Academic journal article Thymos

Boys Left Behind: Gender Role Changes in Alaska

Academic journal article Thymos

Boys Left Behind: Gender Role Changes in Alaska

Article excerpt

The gender gap in college enrollment and completion has become a concern in many nations. The phenomenon is extreme in Alaska, particularly among indigenous people. Semi-structured interviews with 162 urban and indigenous students graduating from high school, and in addition, two single-gender focus groups, suggest that many young men do not see a college education as necessary to financial success and do not expect to assume the gender role of sole family provider. Young women tend to see a college degree as essential to changed gender roles where women are expected to attend college, pursue a career, and not be dependent on a man for financial support. Many young men withdraw from the demands of a verbally-saturated high school curriculum, which they find unenjoyable. Both young men and young women tend to label male withdrawal from school as "male laziness," an essentialist interpretation rather than an interpretation based on the school environment and changing gender roles.

Keywords: gender gap, Alaska Natives, Alaska, college participation, college success

They [boys] just don't know that going to college makes you - better! It makes you smarter, makes you get a better job. ... I don't know what goes through guys' heads. (Female high school senior)

The increasing gap between boys and girls in school performance, college attendance, and college completion has become a problem in many nations of the world, particularly those with post-industrial economies, such as the United States, Canada, and countries in Western Europe (Hepburn & Simon, 2006). This phenomenon is extreme in Alaska, which ranks second in the United States in the size of the gender gap in college completion (Sum, Fogg, & Harrington, 2003). Among Alaska Natives, the major minority group in Alaska, three Native women graduate from college for every one Native man, the largest gender gap of any minority group in the United States (Kleinfeld & Andrews, 2005).

Alaska thus offers a particularly fruitful site to study the bases of the gender gap. Where a phenomenon is most extreme, the causes are more apt to stand out. In this study of the gender gap among Alaska youth, we sought to answer the following questions:

1. Why are fewer adolescent boys in Alaska, particularly Alaska Natives, choosing to attend college?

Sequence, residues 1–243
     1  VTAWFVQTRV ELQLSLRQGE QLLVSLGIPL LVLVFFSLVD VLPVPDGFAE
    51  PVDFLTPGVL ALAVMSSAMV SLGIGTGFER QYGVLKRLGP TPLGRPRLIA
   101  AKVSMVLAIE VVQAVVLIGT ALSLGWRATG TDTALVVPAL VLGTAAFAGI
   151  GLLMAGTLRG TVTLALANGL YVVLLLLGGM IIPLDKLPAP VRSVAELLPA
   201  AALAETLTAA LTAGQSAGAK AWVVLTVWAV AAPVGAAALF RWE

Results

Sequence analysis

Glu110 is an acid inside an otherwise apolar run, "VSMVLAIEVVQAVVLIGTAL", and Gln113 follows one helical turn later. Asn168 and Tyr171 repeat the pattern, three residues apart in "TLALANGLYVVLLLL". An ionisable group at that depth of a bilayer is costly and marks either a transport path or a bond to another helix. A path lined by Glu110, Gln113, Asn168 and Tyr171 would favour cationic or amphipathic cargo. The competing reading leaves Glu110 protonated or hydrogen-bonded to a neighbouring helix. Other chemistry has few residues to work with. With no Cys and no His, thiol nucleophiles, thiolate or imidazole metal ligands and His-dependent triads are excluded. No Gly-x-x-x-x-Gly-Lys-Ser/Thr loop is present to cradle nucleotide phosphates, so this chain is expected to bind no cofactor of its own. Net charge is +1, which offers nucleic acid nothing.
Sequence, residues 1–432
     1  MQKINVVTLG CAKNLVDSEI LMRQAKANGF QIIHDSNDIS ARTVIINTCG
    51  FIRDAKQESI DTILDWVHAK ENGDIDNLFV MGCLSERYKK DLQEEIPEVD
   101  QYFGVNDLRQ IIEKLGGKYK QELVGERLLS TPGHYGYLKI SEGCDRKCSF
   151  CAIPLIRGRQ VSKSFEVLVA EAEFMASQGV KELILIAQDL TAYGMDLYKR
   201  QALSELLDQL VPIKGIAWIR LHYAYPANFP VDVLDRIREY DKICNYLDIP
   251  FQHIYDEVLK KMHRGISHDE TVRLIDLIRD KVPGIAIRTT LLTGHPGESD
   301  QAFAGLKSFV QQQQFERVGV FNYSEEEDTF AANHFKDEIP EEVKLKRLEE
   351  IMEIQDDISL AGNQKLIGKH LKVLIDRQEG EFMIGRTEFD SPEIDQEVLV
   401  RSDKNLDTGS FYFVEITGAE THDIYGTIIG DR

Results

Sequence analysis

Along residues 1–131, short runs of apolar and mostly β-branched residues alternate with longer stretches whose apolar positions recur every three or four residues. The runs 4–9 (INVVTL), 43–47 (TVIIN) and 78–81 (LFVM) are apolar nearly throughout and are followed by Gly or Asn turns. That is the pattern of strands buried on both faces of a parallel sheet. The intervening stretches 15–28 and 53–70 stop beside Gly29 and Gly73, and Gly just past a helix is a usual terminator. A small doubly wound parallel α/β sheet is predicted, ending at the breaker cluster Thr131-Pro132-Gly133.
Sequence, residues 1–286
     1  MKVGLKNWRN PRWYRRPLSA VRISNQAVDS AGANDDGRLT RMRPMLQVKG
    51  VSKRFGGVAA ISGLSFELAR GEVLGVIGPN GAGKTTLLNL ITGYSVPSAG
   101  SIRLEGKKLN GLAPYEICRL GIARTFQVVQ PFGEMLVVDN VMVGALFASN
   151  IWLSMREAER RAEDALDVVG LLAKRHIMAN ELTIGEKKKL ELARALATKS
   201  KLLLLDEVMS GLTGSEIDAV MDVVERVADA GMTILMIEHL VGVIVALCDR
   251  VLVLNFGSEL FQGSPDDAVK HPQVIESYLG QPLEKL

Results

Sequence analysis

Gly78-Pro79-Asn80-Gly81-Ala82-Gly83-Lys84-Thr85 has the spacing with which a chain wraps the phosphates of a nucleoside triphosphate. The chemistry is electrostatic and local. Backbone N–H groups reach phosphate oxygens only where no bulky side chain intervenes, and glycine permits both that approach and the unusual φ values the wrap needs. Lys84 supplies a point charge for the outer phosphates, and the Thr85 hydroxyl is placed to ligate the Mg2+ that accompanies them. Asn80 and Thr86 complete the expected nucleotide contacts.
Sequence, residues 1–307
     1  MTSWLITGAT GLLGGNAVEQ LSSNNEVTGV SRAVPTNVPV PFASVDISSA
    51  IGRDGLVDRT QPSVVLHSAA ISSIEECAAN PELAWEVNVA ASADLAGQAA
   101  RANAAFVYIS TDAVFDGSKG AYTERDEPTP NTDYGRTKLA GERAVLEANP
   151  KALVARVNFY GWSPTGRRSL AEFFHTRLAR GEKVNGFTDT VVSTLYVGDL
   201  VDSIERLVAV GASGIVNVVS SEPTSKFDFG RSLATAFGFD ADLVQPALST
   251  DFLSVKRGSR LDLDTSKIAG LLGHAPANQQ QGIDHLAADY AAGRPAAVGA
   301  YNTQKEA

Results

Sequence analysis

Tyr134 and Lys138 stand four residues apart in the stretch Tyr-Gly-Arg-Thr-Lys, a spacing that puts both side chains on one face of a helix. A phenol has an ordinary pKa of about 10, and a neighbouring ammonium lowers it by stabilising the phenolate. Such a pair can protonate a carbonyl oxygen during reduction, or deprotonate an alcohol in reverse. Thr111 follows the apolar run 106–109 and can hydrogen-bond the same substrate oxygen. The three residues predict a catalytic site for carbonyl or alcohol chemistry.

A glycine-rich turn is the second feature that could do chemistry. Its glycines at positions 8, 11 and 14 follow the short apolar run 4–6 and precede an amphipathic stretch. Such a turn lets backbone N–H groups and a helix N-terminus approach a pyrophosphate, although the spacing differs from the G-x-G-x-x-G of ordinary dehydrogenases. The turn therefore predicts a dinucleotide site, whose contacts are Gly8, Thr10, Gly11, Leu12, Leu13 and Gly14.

2. What are the bases for the postsecondary decisions among these adolescent boys and girls?

3. What are the implications for K-12 schools in increasing the achievement of boys in school and in increasing college attendance?

Literature Review

A growing research literature documents the gender gap between boys and girls in school achievement and college attendance (Evelyn, 2005; Gerald & Hussar, 2003; Gurian & Stevens, 2005; Sax, 2005; Younger & Warrington, 2005). Young men with low levels of education earn less, are less likely to vote and engage in civic activity, and are particularly vulnerable to unemployment in periods of economic decline (Sum, Fogg, & Harrington, 2003). What is unclear is what is driving this change and why the gender gap is so extreme among minority groups. The Alaska experience suggests that the major explanation lies in changes in male and female roles and gendered differences in strategies for coping with socioeconomic change.

In Alaska, as elsewhere in postindustrial economies, profound changes have occurred in economic opportunities and in gender roles. More and more employment requires symbolic and information processing skills, rather than physical strength. Men are no longer expected to be the sole breadwinner for the family, and women are no longer expected to confine their activities to the family arena. With women assuming greater economic responsibility, men from many cultural groups no longer appear to have clear ideas of what is expected of them as adult males. This is particularly true among Alaska Natives, where the male provider role was vital to the survival of the community. …

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